Can someone please explain some of the details of the Irish situation in this controversy? What are the issues there?
The main issue to resolve is that the government is trying to avoid a hard border between the Republic of Ireland and Northern Ireland; which is still part of the UK.
The lack of a border was part of the original Good Friday agreement. When both the Republic of Ireland and the UK were part of the EU, this is a non issue since free movement between countries is part of the EU edict.
However, now that the UK is leaving the EU, this essentially eliminates the current 'soft border' that exists. To help alleviate this problem, Theresa May's current deal has an 'Irish Backstop' provision which allows Northern Ireland to operate somewhat independently from the rest of the UK to avoid the need for a hard border. But the provision in the deal leaves this situation very ambiguous and could theoretically exist indefinitely. This has caused deep concern for members of the UK parliament and the DUP in Ireland, since they are still strongly affiliated with the UK.
The following Youtube video explains May's deal in more details:
No Brexit is on the table in that the Government has the power to back out of Brexit.
The government does not have the power to back out now - it's already enacted into law. It would need to be Parliament actively deciding to reverse the EU withdrawal bill. There are several MPs who would rather leave without a deal than accept any deal that has a hope of being accepted by anyone else; and enough others who don't want to appear before their electors as the MP who ignored their referendum vote.
I think leaving without any deal is the most likely outcome at this point.
I will grant that sheís talking about the transition period but thatís still pretty much the way it has to be. If weíre out of the EU we donít get a say. If we want to keep free trade going we have to follow some EU rules.
It's a Mexican stand off which I'm hoping will result in a referendum simply because they can't decide. Preferably with an option of 'ah, stuff it, might as well carry on with what we've got'.
The only way I see that happening is if Labour gets back into power.
A possible scenario would go something like this: - May comes back with an updated deal. They vote on it and it fails. - Labour triggers a vote of no confidence in the government. - The DUP breaks ranks and side with Labour (as do some other MPs) giving them a majority - As a result, a general election is called and Labour gains seats and is able to form a coalition with others to get a majority - Labour calls for a second referendum re-asking the Brexit question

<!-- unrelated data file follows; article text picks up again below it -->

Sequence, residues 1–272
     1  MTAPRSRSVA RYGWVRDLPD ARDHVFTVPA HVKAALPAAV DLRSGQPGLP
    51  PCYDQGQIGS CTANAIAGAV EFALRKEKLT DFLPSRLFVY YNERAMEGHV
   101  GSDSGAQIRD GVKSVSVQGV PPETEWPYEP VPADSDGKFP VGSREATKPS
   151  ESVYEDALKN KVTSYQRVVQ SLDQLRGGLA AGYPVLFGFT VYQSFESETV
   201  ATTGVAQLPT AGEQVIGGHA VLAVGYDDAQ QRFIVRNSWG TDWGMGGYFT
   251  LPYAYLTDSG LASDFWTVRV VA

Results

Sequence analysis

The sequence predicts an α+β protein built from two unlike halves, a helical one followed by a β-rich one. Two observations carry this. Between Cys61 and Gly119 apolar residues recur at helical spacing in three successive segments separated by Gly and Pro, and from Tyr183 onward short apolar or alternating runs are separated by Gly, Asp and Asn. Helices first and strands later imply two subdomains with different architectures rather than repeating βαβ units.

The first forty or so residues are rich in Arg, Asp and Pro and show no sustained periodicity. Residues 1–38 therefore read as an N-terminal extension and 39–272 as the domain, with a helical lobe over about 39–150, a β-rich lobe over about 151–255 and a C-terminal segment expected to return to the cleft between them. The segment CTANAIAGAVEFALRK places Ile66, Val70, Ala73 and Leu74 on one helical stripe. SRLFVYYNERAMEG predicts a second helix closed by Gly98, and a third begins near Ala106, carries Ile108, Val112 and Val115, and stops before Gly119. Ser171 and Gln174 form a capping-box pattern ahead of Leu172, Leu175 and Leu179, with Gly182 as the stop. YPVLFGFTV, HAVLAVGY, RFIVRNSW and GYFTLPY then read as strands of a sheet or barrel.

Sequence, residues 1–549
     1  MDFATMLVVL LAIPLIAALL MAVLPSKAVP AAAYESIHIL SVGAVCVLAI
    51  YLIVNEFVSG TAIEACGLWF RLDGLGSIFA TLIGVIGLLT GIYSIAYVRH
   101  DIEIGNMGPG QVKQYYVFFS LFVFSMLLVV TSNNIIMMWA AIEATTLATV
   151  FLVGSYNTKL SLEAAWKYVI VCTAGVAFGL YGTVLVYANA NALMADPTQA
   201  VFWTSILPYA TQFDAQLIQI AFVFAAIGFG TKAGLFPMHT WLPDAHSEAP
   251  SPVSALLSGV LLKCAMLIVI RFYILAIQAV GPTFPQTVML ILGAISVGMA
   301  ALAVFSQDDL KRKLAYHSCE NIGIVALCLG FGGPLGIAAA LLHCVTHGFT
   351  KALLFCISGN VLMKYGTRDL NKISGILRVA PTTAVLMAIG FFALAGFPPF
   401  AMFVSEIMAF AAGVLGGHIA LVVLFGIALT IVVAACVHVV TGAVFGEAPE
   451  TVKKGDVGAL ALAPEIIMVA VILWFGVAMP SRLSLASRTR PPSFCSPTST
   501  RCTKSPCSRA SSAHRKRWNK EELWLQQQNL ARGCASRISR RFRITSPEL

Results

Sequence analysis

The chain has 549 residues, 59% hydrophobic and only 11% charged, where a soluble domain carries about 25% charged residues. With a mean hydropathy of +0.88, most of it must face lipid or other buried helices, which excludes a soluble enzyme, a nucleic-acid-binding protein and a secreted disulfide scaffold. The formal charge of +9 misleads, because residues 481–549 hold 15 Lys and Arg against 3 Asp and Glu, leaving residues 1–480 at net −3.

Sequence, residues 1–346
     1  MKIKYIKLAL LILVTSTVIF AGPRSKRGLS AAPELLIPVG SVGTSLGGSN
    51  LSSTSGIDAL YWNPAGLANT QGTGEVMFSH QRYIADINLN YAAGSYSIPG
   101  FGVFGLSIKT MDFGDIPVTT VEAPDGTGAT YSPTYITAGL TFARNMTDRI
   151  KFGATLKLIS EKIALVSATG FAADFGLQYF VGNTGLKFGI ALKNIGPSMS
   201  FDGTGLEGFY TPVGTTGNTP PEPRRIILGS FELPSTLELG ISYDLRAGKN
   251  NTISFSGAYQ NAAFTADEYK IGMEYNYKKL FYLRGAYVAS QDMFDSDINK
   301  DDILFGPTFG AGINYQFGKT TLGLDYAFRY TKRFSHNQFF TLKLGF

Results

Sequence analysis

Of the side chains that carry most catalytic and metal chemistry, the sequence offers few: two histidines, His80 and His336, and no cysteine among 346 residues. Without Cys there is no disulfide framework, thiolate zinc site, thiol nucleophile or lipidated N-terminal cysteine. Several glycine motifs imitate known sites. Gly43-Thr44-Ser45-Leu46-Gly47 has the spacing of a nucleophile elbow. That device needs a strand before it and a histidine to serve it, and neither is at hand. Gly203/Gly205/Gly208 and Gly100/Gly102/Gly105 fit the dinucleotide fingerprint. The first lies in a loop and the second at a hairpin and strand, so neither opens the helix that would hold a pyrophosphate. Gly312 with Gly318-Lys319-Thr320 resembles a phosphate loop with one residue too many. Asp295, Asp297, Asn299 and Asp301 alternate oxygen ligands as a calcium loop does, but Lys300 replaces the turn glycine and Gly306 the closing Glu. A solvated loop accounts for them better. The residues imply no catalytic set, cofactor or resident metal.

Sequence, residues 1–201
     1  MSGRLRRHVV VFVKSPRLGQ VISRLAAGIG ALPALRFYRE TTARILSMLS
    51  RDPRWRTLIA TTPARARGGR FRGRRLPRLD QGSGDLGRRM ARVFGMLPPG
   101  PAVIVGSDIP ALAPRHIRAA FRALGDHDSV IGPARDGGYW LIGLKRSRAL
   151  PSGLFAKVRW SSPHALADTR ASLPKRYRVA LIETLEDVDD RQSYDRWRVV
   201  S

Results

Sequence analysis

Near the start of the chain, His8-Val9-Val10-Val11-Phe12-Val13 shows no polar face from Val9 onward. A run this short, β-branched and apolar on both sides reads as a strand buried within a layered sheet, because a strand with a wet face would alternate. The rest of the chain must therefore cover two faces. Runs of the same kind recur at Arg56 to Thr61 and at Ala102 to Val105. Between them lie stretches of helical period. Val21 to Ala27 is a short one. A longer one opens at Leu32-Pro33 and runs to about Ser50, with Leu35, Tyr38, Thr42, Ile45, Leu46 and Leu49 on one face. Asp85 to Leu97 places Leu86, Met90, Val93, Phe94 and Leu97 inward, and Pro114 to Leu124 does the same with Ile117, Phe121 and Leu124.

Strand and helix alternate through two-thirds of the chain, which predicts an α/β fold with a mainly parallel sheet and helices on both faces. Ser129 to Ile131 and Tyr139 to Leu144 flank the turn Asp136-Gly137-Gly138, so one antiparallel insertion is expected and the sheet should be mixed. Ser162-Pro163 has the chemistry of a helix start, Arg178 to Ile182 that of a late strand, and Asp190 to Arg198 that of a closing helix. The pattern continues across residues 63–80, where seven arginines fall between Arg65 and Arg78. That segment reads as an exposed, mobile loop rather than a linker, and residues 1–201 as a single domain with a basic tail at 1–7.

In all honesty, I see the above as a remote possibility. Now it is possible that if May's deal fails, she will finally recant and say the vote should go to the people. But then, what would that second referendum look like? Would it just re-hash the same question? Would it be a referendum on May's deal or no deal? Would it include a provision for cancelling Brexit? Becomes really complex at that stage.
No Brexit is on the table in that the Government has the power to back out of Brexit. Whether Parliament has the will to do that is another matter. But at this stage the alternatives are so awful I wouldnít rule it out. Mayís deal is looking dead. A No Deal Brexit isnít any more popular. Going back to the drawing board and starting again isnít much better, either.
From what I have seen, the EU seems to be taking the "take it or leave it" path. It would be in the EU's best interest to make Brexit as painful as possible to keep the UK in within the EU.
There are only 96 days and 5 hours till the UK leaves the EU. That's not a lot of time for your scenario to take place.
Agreed. In fact, I think it is a Hail Mary at best.
What I think is most plausible is that the deal either passes with a slim majority with some amendment to the Irish backstop. Or it fails and then the EU may be forced to take a softer approach to the whole situation to avoid a hard Brexit. I understand their desire to play hardball. But at some point, they must realize that having the second biggest economy in Europe get snafued is going to harm them as well.
The analogy I would use is California or Texas in the USA. Those are the two biggest economies by GDP and if something dire was affecting either of them, it would likely cascade everywhere. No state would be insulated.
quote:The leader of Britainís main opposition Labour Party, Jeremy Corbyn, said he was calling for a no confidence vote in Prime Minister Theresa May ó a largely symbolic gesture ó for not putting her Brexit plan to a vote by lawmakers immediately.
I don't really understand this from a political perspective, but I am not that familiar with British politics. I thought May already dealt with a no confidence vote from her own party. And she survived that and cannot be challenged again for a year. Is it different because now the motion comes from the opposition? I thought they might be able to call a vote of no confidence in the government, but not the PM directly.